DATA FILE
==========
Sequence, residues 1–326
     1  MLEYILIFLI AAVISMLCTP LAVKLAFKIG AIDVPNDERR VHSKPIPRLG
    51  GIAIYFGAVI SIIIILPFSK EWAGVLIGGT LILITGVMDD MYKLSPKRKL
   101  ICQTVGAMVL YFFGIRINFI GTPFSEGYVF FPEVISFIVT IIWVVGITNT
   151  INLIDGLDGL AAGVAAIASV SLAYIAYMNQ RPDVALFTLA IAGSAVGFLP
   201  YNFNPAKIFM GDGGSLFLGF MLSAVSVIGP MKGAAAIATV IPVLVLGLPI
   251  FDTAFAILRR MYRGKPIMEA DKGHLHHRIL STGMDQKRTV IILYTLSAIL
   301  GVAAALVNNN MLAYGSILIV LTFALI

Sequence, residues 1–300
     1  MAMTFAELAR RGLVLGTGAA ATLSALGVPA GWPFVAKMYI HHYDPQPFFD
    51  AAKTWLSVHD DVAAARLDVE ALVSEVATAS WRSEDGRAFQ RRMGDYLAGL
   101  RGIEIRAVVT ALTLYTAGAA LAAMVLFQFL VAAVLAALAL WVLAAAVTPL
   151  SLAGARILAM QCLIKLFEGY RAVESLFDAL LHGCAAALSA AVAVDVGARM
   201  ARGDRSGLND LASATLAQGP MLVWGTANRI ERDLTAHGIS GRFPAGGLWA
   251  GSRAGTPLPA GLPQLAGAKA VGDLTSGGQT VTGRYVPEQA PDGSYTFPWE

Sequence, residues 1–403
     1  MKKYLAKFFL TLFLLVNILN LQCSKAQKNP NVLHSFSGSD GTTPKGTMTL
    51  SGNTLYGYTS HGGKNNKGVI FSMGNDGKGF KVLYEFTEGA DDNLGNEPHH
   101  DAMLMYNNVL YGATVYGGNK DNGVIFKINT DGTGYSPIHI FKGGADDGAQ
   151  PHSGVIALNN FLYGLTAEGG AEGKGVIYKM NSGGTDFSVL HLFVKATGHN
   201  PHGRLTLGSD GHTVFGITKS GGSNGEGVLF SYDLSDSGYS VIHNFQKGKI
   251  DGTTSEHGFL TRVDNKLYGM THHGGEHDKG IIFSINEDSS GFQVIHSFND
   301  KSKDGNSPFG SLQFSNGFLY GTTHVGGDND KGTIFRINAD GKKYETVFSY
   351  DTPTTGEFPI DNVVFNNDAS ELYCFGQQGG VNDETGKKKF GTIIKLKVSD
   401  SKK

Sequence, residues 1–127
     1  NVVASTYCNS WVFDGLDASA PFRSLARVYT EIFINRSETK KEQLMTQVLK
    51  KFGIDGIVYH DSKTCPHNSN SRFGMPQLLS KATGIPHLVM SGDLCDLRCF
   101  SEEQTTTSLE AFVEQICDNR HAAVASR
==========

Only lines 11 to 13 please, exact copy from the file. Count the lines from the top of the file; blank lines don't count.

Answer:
    51  AAKTWLSVHD DVAAARLDVE ALVSEVATAS WRSEDGRAFQ RRMGDYLAGL
   101  RGIEIRAVVT ALTLYTAGAA LAAMVLFQFL VAAVLAALAL WVLAAAVTPL
   151  SLAGARILAM QCLIKLFEGY RAVESLFDAL LHGCAAALSA AVAVDVGARM